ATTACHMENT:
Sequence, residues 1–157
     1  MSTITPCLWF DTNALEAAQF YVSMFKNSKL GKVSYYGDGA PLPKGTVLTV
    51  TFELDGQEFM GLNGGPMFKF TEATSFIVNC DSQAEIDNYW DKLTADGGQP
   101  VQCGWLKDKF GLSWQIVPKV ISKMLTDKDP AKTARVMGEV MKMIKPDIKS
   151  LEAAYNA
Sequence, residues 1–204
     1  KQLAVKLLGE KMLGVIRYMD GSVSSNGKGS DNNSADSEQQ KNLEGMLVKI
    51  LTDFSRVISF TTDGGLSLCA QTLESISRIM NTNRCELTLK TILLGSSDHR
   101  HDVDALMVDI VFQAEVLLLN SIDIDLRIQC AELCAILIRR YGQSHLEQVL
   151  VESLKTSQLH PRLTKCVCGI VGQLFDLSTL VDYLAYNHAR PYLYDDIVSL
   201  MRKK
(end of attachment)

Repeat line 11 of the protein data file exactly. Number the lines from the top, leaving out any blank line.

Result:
   201  MRKK